As a Nassau, Bahamas native, Bey also incorporates the region’s tropical flora in her work. She positions the futurity of Black people in direct relationship to the environment, which can manifest as a physical landscape buzzing with harmonious texture, and draws on the legacy of Black art and literature that demonstrates how the natural world has always been part of Black liberation.

Her intricate stitching of Black people in grandeur also adds a layer of decadence to these stories that is reminiscent of African diasporic cuisine. Food seasoned over long periods of time or slow-cooked absorbs the depths of those flavors, and when tasted, envelops the palette. The process and attention to detail, alongside the historical and cultural knowledge, are the foundation.

 

“Don’t Think We’re Soft Because We’re Gracious” (2022), watercolor printed sherpa and sequins on canvas hand-sewn into faux fur, 45.5 x 57 inches. Image courtesy of April Bey and GAVLAK Los Angeles | Palm Beach

This work, like the environment and cuisine, is immersive. Sequins, eco-fur frames, wax fabric woven into large-scale blankets, and colorful patterns are enticing in their pleasure and vitality. The sense-heavy appeal helps transport the viewer beyond the visual and into the spirit of the body, connecting generations across space and time and planting the seeds of the future. Alexis Pauline Gumbs demonstrates this connection in an essay on combat breathing, which our ancestors used to claim their freedom in a world that would not acknowledge it, and Bey conjures this through-line in stirring pieces such as “Don’t Think We’re Soft Because We’re Gracious.”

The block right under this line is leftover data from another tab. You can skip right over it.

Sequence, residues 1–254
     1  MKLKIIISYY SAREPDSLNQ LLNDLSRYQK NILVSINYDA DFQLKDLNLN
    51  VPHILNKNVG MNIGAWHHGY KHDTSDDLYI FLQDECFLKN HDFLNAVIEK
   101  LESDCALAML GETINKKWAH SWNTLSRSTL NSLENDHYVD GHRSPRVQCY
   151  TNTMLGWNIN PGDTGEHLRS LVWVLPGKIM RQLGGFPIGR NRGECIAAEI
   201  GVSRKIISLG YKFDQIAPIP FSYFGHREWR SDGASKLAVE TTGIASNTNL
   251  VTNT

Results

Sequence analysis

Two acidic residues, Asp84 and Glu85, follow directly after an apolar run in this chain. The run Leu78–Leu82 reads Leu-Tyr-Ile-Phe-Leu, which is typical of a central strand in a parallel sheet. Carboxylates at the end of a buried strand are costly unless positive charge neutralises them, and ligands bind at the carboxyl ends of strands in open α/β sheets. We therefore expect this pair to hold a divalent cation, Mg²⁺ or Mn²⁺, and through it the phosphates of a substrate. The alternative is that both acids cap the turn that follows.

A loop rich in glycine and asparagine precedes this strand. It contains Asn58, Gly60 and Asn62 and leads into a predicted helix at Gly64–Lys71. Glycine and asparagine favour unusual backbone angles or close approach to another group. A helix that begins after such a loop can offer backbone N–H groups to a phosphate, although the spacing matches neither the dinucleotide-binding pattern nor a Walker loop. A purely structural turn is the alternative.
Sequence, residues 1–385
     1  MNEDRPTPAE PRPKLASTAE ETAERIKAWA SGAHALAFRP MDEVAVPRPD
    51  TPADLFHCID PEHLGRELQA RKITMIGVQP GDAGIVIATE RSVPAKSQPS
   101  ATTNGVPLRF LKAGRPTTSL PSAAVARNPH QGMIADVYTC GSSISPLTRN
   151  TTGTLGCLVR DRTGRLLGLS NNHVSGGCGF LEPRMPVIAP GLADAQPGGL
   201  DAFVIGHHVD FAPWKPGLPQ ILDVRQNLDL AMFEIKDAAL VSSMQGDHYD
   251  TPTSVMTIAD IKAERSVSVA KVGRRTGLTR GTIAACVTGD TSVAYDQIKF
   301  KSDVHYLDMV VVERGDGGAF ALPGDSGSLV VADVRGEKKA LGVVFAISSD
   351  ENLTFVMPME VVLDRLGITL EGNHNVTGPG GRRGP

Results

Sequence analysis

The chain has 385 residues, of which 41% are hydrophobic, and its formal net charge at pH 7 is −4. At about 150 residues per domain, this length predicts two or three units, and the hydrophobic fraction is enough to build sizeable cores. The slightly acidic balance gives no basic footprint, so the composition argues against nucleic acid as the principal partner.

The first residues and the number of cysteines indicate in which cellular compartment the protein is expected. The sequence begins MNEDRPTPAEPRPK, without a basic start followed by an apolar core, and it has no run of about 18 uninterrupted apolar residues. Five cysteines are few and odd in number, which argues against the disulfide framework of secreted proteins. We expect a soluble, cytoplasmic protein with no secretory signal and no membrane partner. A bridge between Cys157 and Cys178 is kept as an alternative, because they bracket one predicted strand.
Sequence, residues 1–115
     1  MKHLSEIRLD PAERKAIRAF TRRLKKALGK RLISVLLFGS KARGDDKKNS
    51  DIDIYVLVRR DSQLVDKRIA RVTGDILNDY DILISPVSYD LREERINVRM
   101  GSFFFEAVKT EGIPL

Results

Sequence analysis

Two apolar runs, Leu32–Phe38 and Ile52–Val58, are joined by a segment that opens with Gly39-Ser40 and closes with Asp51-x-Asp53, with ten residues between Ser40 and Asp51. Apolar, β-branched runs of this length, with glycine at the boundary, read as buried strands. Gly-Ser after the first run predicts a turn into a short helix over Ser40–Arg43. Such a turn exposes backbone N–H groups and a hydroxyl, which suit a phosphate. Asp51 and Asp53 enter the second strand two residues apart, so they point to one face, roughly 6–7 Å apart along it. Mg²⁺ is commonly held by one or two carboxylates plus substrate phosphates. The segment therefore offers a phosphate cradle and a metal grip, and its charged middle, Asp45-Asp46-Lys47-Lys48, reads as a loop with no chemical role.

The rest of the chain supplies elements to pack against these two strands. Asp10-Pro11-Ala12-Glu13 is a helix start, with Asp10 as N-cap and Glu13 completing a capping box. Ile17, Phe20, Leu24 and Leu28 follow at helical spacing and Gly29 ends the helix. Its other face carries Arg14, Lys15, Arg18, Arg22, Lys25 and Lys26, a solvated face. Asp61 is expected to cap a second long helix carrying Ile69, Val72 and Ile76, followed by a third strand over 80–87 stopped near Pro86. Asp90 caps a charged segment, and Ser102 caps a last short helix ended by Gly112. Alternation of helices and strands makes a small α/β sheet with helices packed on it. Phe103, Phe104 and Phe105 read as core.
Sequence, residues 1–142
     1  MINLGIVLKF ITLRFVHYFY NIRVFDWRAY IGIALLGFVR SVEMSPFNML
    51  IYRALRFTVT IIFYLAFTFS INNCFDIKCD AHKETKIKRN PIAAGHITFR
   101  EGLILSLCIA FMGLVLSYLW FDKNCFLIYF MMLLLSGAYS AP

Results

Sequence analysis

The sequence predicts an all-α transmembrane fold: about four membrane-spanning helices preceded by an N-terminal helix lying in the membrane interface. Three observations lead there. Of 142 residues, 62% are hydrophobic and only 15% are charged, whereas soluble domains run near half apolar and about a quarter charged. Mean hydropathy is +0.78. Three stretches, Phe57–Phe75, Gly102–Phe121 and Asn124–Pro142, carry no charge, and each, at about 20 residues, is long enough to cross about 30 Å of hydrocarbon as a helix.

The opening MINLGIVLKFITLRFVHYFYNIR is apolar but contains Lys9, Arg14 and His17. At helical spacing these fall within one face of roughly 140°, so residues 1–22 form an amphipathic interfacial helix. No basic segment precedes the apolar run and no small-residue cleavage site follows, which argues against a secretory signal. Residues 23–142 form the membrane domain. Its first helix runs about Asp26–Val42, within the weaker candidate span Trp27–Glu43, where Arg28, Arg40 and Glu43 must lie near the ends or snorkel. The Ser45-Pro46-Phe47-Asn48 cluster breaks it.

Bey’s work adds to the long and transformative history of Black and queer people who have subverted power structures through futurity, love, and hybridity. And how fitting? For she knows that to be queer is to live in the future anyway.

You can catch the artist’s solo exhibition, Colonial Swag, at TERN Gallery until May 28 and follow her on Instagram for updates and to see close-ups of her works.

 

“Calathea Azul” (2022), woven textiles, sherpa textiles, resin, glitter on canvas, 24 x 24 inches. Image courtesy of April Bey and GAVLAK Los Angeles | Palm Beach

“I’m the One Selling the Records…They Comin to See ME” (2021), digitally woven tapestry, sherpa, canvas, metallic cord, glitter (currency), hand-sewing, epoxy resin on wood panel, 36 x 48 inches. Image courtesy of April Bey and GAVLAK Los Angeles | Palm Beach

“Fear No Man” (2022), digitally printed and woven blanket with hand-sewn “African” Chinese knockoff wax fabric, 80 x 60 inches. Image courtesy of April Bey and GAVLAK Los Angeles | Palm Beach

“Calathea Barrette” (2022), woven textiles, sherpa textiles, resin, glitter on canvas, 24 x 24 inches. Image courtesy of April Bey and GAVLAK Los Angeles | Palm Beach

“They Fine Pass Mami Wata” (2022), woven textiles, sherpa, metallic thread, resin, glitter on canvas, 24 x 24 inches. Image courtesy of April Bey and TERN Gallery

“You Toilet Paper Soft” (2022), woven textiles, sherpa, metallic thread, resin, glitter on canvas, 24 x 24 inches. Image courtesy of April Bey and TERN Gallery

 

 



Art

Through Blocks of Geometric Color, Artist Derrick Adams Celebrates the Joy of Self-Expression

April 22, 2022